The one performance out of sync with everybody else is Helena Bonham Carter’s as Rose Weil. A démodé fashion designer teetering toward bankruptcy, she’s roped into the scheme with a promise of financial rescue. By planting gossip items about a design flirtation with a young It girl (Dakota Fanning, one of many star cameos), Debbie and Lou craftily position Rose to do Daphne’s gown for the gala, as a stepping stone to the antique necklace that’s their target. Bonham Carter is playing an eccentric character not unlike her frequent designer of choice, Vivienne Westwood, which should be clever casting, but her bonkers mannerisms feel as strained as her inconsistent Irish accent. Her timing is constantly off.
The production’s access to locations like the Cartier flagship store, the Plaza, Bergdorf Goodman, the Vogue offices at Conde Nast and, most significantly, the Metropolitan Museum itself, gives it luxe credibility. And Sarah Edwards’ eye-popping costumes, together with the work of celebrated designers inspired by the European royalty theme of the Met Costume Institute exhibit, make for some tasty fashion porn. It’s like a Sex and the City movie with thievery. And no sex. Despite some on-the-nose dialogue about how men get noticed and “for once, we wanna be ignored,” Debbie’s crew all end up dressed to slay.
Anyone who has ever wondered what goes on beyond the red-carpeted steps at the Met Gala will find plenty to gawk at, along with appearances by a flock of boldface names — designers, movie stars, models, whatever Kim Kardashian and her sisters qualify as, even the event’s high priestess, Anna Wintour — to help set the scene.
In such an atmosphere of pomp and sophistication, there’s entertainment value in following the female crew as they weave among the glitterati, either disguised as staffers or hiding in plain sight as guests, carrying out the precision-timed plan with quick-thinking resourcefulness, if not much in the way of glitches to fuel any real tension. But there’s also something dispiritingly mechanical about the movie that makes it seem a missed opportunity.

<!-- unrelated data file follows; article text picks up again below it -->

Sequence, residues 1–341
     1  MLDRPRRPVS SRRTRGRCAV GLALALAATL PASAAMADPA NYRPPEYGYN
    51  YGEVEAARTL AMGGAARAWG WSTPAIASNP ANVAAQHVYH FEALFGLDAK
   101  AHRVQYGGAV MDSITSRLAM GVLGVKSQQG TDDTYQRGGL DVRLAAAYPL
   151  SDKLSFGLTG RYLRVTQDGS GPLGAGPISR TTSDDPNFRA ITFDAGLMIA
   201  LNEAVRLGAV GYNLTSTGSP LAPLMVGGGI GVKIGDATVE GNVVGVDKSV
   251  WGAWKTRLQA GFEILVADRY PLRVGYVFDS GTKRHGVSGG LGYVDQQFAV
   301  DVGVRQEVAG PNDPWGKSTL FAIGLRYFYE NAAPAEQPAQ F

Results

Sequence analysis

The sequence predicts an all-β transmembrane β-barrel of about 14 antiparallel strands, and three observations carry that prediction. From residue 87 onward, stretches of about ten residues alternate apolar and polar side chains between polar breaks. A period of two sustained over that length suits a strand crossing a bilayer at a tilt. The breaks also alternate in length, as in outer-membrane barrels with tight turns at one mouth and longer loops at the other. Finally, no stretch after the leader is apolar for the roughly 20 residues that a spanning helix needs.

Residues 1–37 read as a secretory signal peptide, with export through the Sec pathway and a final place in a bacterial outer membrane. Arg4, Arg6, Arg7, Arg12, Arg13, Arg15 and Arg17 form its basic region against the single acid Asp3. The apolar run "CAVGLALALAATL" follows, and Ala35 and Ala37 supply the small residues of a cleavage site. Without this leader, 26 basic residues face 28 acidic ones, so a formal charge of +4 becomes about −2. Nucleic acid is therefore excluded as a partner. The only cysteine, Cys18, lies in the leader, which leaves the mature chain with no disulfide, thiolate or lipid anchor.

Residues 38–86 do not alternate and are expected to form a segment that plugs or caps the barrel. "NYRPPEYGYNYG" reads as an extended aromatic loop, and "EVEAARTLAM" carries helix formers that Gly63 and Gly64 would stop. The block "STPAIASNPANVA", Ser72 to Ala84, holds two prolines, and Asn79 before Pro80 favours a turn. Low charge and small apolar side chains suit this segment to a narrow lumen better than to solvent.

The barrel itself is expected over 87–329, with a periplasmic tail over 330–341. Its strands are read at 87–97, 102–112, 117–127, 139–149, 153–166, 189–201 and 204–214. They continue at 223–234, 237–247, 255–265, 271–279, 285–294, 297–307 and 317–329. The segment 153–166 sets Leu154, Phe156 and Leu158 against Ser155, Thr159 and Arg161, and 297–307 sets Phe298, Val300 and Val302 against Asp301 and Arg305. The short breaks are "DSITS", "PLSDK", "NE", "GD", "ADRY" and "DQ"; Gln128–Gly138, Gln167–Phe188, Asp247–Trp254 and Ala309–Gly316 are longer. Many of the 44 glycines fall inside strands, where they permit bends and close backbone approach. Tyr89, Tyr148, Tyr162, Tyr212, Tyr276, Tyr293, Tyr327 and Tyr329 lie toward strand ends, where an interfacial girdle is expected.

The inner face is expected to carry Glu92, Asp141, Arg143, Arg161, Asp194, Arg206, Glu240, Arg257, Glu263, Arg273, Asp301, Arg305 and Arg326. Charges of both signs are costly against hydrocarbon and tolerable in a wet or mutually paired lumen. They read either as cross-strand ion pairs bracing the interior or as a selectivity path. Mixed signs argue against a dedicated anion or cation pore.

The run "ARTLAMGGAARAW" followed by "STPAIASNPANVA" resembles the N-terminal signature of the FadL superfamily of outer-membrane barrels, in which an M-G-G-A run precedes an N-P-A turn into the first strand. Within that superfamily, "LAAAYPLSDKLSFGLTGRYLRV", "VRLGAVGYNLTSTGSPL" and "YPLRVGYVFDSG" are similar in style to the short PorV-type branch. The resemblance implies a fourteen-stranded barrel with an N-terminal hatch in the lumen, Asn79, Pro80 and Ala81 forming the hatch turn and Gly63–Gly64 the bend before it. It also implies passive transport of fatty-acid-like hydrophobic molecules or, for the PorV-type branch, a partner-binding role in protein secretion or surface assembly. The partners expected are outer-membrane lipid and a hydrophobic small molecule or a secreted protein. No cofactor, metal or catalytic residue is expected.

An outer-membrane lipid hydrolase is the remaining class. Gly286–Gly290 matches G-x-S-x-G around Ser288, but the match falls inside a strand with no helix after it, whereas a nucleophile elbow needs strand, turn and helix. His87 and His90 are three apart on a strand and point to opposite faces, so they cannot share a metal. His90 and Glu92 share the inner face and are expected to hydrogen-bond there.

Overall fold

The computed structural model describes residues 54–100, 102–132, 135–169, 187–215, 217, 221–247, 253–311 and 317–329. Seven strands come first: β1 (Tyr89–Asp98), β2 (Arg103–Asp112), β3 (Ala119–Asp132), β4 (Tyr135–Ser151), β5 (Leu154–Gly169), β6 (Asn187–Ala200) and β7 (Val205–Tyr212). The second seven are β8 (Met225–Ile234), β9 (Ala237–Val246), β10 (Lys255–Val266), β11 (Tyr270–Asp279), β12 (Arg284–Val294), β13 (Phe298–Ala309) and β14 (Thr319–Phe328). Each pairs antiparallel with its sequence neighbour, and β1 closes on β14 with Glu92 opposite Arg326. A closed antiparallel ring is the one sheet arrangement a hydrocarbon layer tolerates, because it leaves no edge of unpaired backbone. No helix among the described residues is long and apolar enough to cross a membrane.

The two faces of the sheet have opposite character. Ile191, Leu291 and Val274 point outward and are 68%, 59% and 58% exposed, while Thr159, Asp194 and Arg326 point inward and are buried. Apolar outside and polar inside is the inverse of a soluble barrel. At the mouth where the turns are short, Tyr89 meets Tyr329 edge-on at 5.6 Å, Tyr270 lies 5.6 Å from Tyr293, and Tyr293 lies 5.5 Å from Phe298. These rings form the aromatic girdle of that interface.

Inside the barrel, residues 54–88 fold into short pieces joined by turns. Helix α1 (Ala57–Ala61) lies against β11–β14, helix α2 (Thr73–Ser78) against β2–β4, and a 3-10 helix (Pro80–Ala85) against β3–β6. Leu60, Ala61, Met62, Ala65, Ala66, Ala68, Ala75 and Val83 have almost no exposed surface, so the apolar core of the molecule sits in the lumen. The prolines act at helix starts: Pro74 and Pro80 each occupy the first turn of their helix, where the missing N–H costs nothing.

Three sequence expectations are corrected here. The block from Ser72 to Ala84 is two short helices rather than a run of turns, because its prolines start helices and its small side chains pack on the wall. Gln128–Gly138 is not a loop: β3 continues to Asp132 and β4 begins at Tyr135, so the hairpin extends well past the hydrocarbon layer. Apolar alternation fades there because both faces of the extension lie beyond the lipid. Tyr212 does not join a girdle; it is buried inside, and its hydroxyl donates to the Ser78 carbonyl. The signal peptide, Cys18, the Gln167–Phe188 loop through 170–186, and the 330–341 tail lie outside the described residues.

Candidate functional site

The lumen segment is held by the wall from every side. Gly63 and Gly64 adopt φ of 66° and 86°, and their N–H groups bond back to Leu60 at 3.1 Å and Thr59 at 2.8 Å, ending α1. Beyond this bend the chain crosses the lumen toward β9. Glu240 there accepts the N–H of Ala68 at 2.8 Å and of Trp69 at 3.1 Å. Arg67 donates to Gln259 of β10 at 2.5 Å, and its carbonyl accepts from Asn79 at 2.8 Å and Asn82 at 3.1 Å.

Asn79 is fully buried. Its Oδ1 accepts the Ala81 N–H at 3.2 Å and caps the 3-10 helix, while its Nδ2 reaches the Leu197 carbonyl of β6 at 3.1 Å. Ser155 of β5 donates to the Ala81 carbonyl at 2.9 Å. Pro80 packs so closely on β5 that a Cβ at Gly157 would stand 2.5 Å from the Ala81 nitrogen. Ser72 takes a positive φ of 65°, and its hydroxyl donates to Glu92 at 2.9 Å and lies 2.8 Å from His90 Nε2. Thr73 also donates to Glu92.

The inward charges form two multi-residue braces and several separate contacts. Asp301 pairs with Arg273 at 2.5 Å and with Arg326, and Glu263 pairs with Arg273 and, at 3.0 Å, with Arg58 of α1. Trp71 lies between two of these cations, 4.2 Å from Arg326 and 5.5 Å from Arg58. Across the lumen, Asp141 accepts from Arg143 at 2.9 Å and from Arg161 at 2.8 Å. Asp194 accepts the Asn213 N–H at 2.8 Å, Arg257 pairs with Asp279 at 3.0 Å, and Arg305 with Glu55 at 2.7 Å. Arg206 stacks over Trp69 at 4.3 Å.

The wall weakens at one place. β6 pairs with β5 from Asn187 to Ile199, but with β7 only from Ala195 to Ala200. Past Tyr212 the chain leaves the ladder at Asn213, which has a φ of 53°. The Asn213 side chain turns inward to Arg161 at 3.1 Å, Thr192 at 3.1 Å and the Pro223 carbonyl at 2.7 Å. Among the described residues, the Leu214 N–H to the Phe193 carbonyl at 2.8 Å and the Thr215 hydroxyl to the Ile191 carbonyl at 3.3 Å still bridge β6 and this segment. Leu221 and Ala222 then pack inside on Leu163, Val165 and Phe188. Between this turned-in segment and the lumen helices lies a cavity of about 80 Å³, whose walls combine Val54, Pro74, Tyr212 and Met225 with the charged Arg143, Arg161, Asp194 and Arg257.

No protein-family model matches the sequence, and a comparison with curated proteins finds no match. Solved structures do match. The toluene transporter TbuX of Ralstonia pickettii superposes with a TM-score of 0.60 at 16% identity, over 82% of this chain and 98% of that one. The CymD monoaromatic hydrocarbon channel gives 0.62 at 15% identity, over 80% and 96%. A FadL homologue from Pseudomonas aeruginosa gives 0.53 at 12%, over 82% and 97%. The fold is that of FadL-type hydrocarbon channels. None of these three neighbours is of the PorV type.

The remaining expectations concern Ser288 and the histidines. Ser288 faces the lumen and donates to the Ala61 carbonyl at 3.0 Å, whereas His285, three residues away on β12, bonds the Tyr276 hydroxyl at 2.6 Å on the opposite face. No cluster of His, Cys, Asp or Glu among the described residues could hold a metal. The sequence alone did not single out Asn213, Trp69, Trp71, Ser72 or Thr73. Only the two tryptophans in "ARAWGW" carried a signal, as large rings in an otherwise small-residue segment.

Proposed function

In one sweet, subtle touch, New York stage veterans Marlo Thomas, Dana Ivey, Mary Louise Wilson and Elizabeth Ashley turn up as regional theater actresses hired by the crew to shift stolen gems. That creative casting stroke and its all-ages inclusivity suggest the admirable intentions of a project that aims to carve out screen time for as diverse a spectrum of women as possible. A little less generic slickness and more of that adventurous feminist spirit would have gone a long way.
What Soderbergh, who serves here as producer, brought to his Ocean’s films — even the busy, bloated sequels — was a jazzy energy, an effortless light touch that seems beyond the reach of Ross. Ocean’s 8 tries to inject that verve with an eclectic mix of music to supplement Daniel Pemberton’s score, from Charles Aznavour to Amy Winehouse, James Last to The Notorious B.I.G. But it lacks punch, even if the complicated plotting is sound enough, the gadgetry impressive and the visual trappings sleek. You just start to feel starved for a movie with conflict, suspense and a little heart, rather than a repackaged version of a formula already flogged to death.
Production company: Rahway Road
Distributor: Warner Bros.
Cast: Sandra Bullock, Cate Blanchett, Anne Hathaway, Mindy Kaling, Awkwafina, Sarah Paulson, Rihanna, Helena Bonham Carter, Richard Armitage, James Corden
Director: Gary Ross
Screenwriters: Gary Ross, Olivia Milch; story by Ross, based on characters created by George Clayton Johnson, Jack Golden Russell
Producers: Steven Soderbergh, Susan Ekins
Executive producers: Michael Tadross, Diana Alvarez, Jesse Ehrman, Bruce Berman
Director of photography: Eigil Bryld
Production designer: Alex DiGerlando
Costume designer: Sarah Edwards
Music: Daniel Pemberton
Editors: Juliette Welfling
Visual effects supervisor: Karen Heston
Casting: Debra Zane, Shayna Markowitz
Rated PG-13, 110 minutes